Wednesday, 14 March 2018

Aunty Nellie's Party

I found something I wrote some years ago. I don't remember when. Maybe it will give you a giggle.

Aunty Nelly's Party.

Shelley and Kelly were watching the telly
when who should arrive but their old Aunty June;
she’d just come from Delhi with great Aunty Nelly
whose 90th birthday was coming up soon.

Being quite hearty she wanted a party
with all of her relatives present to boot.
Not so much tarty as ex-glitterati,
Nelly was known as a bit of a hoot.

The party arranger was June’s cousin Grainger
along with his know-it-all wife Gabrielle
but she was the danger; this dog in the manger
was not known for making a party go well.

June’s sister Gemma was in a dilemma
‘cause she didn’t think that poor Grainger could cope
but that just left Emma, and she had a tremor
and June said that Emma just hadn’t a hope.

So, with much trepidation, without a relation
June started to get everything underway
but with one stipulation: this great celebration
was not an excuse for a drunken display.

With everything ready her youngest son Freddy
acted as chauffeur for most of the guests.
They could get unsteady, and some were already,
and this way there shouldn’t be many arrests.

Grainger’s friend Duffy provided the buffet
and what a magnificent effort he’d made;
the soufflés were fluffy, the vol-au-vents puffy,
and each single item superbly displayed.

The first to come in was a woman called Lynn
with her husband, and old chap who looked like an elf;
she asked with a grin for a bottle of gin
and made it quite clear it was all for herself.

Then in came Theresa, a bit of a freezer,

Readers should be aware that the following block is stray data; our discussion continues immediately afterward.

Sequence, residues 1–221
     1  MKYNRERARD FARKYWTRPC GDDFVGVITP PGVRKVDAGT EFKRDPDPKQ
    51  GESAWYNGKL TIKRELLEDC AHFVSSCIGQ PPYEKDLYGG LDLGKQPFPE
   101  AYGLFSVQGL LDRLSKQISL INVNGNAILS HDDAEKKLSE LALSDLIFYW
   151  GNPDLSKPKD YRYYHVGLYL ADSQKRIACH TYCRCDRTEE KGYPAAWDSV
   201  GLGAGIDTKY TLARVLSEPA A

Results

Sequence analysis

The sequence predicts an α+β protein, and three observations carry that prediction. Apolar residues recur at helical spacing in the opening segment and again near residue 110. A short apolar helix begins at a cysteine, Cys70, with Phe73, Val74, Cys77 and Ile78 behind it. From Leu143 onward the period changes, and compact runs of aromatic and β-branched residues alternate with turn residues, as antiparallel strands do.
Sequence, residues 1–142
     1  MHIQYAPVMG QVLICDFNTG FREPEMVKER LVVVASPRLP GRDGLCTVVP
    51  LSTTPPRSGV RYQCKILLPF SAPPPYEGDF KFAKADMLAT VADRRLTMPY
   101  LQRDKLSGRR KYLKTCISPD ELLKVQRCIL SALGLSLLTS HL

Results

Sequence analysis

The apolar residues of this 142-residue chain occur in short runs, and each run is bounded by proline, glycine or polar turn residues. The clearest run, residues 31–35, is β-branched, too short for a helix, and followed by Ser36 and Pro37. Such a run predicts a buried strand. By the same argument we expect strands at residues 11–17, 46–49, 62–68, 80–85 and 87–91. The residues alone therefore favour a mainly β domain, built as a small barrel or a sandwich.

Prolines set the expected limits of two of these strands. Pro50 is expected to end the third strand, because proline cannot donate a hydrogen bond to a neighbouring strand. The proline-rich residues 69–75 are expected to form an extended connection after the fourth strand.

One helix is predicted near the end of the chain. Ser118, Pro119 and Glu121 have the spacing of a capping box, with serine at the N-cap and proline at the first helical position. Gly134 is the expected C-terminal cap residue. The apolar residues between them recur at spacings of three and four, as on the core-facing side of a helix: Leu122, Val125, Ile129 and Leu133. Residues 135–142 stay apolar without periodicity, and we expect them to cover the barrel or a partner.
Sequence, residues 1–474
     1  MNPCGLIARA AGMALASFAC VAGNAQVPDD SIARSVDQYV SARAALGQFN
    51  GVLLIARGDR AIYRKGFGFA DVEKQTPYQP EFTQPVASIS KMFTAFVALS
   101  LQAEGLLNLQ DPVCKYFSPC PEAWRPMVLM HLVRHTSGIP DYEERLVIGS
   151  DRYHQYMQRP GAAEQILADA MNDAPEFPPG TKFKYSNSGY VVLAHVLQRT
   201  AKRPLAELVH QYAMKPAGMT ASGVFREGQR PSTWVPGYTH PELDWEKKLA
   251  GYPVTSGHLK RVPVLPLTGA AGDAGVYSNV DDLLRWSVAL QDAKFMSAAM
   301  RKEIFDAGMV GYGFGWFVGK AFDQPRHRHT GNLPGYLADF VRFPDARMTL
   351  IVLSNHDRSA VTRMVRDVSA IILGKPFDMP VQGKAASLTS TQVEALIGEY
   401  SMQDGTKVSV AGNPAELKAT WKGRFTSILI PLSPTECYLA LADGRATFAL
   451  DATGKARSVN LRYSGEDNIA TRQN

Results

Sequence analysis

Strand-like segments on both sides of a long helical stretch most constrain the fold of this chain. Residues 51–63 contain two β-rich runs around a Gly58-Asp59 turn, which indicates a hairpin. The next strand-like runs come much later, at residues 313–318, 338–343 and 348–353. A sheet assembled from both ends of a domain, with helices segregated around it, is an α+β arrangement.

who only drank straight bitter lemon, on ice.
No one would tease her or come near to squeeze her.
Theresa thought that sort of things wasn’t nice.

Then someone spilled cola on June’s gorgonzola
and June didn’t think that was funny at all
so, hurriedly, Lola got out her viola
and played a duet with the pianist, Paul.

This prompted Hedley, whose singing was deadly
and likely to send everybody to sleep,
to accompany Sedley in singing a medley
of songs guaranteed to make anyone weep.

Great Aunty Leah, who’s rather a dear,
said their accomplishments just wouldn’t do.
She picked up a beer and, shedding a tear,
poured it all over the heads of the two!

A cousin from Derry was getting quite merry;
he put on some music and started to jive
with terrible Terri who’d had too much sherry,
which greatly disgusted her fiancé, Clive.

A woman called Corah was dancing the Hora
and trying to make everybody join in
when Great Aunty Nora upset Aunty Dora
by telling her she was as ugly as sin.

Dora cavorted, her face all contorted,
“Ugly I may be but you’ll go to hell!
You should be deported,” she loudly retorted,
“and all of your jailbird relations as well!”

Just then young Mary, dressed up as a fairy,
got up to give us her best party piece
but June all unwary said, “Look! a canary!”
and Dora said someone should call the police.

Her daughter, Priscilla, whose face was a killer,
ran to her mother, to Nora’s delight.
“It must be a thriller. Here comes a gorilla!”
she said very loudly. Priscilla went white.

She grabbed hold of Pam who was carving the ham
and asked her to carve up Aunt Nora instead.
“I’ll get you some lamb, or we’ve even got Spam,”
she replied. Well, she isn’t quite right in the head.

Cousin Matilda kissed Cyril, a builder,
and asked him if he was a man or a mouse.
This just bewildered poor half witted Hilda
who burst into tears and ran from the house.

She ran down the street with no shoes on her feet
and was picked up by neighbours who took her right back
but she mumbled some stuff about things getting rough
which caused them to wonder if she was on crack.